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David Coultard Calls Schumi a ‘Shadow of His Former Self’

David Coultard explaining one of the finer points of racing technique to Michael Schumacher

Former F1 driver (for the likes of McLaren, Williams and Red Bull), and now occasional columnist David Coultard has weighed in on Michael Schumacher’s comeback performance.  Coultard made no bones about it.  Regarding Schumacher’s race in Montreal last Sunday, Coultard wrote in his weekly Telegraph column, “[Michael] has won a record seven times on the Ile Notre-Dame but in all honesty he looked a shadow of his former self on Sunday.”

Coultard went on to say,  “He pitted three times and was still lapping over 4 seconds off the pace in his final stint. He just could not get his tyres working and in my view resorted to some pretty questionable racing in an effort to hold position. He was particularly fortunate to escape sanction for the late collision with Massa, his old protégé at Ferrari. The rules are clear: you cannot make two moves under braking. I’m not sure why they let him off. ”

Schhumacher and Coultard were rivals at one time (althought the Scot was never really in Schumi’s league), and they had a number of scraps together, a few of which ended in tears.  So one might think that Coultard’s opinion at this point might be taken with a grain of salt.  Coultard himself acknowledged this, but claimed that it hadn’t jaundiced his viewpoint.

“I’m not beating up on Michael,” he said. “We have had our differences in the past but I have tremendous respect for him. And I have consistently said we need to give him half a season before we judge his comeback. But with eight races gone and 11 to go, we are getting dangerously close to that tipping point.”

Coultard has long been critical of Schumacher for being overly aggressive on the track.  On at least one occasion, he was caught on camera giving Schumacher the single-fingered salute after the German treated him to a particularly banzai move on track.  Ironically, in his last season with Red Bull, Coultard himself drove as though he were in an amusement park bumper car race.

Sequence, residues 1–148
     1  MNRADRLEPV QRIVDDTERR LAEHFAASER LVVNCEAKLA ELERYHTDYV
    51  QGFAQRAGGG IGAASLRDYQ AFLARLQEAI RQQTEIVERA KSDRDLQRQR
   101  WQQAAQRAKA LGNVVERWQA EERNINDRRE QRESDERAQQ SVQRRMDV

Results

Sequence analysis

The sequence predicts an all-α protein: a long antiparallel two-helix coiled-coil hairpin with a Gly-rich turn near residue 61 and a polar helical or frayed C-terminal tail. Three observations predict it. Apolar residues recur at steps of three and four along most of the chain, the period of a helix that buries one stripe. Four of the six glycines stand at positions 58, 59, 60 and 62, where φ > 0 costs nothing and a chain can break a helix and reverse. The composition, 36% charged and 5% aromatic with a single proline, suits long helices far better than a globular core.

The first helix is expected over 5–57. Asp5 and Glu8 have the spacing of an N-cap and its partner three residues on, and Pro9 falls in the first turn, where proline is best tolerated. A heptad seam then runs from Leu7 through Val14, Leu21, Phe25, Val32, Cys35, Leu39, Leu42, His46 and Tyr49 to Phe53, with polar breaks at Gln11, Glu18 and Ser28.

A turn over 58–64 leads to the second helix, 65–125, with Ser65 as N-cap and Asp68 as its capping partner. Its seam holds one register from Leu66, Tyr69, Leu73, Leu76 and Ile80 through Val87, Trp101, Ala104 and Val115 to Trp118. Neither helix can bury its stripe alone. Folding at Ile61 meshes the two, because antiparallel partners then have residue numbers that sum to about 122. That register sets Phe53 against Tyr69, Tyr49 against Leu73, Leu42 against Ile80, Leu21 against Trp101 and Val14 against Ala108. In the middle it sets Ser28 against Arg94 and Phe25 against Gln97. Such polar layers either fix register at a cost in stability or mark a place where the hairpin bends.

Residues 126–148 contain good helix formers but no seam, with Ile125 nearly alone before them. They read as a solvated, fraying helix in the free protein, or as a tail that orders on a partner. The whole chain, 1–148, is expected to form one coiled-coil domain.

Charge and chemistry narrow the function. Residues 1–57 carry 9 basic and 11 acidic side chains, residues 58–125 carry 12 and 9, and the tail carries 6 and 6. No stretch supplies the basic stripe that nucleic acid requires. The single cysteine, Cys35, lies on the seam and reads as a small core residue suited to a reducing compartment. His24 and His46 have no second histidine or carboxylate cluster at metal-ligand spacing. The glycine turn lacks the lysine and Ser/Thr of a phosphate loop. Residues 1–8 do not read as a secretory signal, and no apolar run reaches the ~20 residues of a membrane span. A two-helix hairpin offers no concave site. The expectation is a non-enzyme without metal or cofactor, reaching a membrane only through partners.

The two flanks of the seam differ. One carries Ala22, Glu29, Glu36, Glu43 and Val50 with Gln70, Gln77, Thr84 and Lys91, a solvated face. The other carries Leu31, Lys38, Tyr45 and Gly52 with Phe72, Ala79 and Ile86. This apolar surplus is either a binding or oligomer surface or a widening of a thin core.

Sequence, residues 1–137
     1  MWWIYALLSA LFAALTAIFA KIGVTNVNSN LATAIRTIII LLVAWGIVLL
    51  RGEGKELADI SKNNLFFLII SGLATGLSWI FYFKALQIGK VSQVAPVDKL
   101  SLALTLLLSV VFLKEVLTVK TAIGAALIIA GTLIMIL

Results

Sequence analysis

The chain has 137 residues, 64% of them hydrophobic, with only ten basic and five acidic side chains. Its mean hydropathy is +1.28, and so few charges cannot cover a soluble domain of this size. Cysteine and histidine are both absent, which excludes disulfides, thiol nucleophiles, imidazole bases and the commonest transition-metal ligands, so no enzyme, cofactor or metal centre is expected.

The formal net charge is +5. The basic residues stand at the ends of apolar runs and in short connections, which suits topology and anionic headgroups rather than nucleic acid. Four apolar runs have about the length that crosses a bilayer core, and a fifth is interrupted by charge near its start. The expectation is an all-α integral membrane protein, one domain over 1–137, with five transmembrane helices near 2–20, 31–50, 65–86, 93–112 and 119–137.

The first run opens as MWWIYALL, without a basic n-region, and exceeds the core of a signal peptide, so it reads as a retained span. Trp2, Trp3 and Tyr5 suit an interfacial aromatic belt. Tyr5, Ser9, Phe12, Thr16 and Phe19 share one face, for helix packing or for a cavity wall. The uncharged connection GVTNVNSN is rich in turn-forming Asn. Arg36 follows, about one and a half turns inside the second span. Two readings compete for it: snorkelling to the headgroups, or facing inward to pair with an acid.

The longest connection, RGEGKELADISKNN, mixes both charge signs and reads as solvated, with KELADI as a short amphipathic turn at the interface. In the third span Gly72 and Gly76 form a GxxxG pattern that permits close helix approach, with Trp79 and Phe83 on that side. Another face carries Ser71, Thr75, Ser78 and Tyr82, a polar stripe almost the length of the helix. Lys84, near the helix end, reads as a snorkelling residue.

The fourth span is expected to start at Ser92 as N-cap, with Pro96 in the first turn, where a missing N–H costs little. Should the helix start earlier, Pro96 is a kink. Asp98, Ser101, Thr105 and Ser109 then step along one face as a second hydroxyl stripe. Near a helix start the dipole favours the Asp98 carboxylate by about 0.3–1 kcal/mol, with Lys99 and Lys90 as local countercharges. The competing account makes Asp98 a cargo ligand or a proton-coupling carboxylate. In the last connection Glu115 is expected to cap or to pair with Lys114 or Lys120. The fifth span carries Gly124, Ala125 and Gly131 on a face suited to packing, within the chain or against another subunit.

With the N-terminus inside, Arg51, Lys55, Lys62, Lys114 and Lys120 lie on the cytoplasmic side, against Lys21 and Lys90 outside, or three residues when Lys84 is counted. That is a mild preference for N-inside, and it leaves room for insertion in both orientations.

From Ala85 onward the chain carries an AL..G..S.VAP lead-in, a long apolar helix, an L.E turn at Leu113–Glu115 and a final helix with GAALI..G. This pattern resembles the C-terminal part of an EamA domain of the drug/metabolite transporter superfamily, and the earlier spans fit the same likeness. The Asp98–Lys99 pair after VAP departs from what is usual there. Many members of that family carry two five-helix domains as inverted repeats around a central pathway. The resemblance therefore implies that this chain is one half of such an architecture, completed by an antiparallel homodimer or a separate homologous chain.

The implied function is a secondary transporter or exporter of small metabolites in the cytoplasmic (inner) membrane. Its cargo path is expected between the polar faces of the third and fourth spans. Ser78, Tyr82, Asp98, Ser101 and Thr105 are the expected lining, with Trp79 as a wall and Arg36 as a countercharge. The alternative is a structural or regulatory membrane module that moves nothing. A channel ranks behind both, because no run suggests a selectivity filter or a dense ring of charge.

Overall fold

Meanwhile, Force India pilot, Tonio Liuzzi, has offered a dissenting opinion. Referring to his late race battle witih Schumacher, Italian wrote in his own column for ESPNF1 that he was able to make a late-race charge on Schumacher because the German’s super soft tires were completely shot, a fact which many of Schumacher’s critics have ignored.

Liuzzi went on to say, “Michael is always great to compete against and I think all the drivers can learn from him because he is always really professional. He’s not like some of the other drivers who just close the eyes, shut the door and crash into you. When I have raced against him he has always acted perfectly and I have absolutely no complaints.”

Admittedly, this would seem to be a minority opinion.  Schumacher is known for being ruthless on the track.  We saw a flash of his old brilliance in the last turn of the last lap at Monaco, when he made a lunge insude of a dozing Fernando Alonso.  The difference between then, i.e. when Schumacher was in his prime, and now, is that Schumi’s ruthlessness generally seemed to pay off.  At this juncture, however, the Schumacher style isn’t yielding exceptional results.

But the Formula 1 world takes no prisoners.  Credit is given for results, not for effort.  Schumacher’s comeback venture will only garner respect once he starts racking up points and destroying the competition.  Will it ever happen?  Stay tuned.

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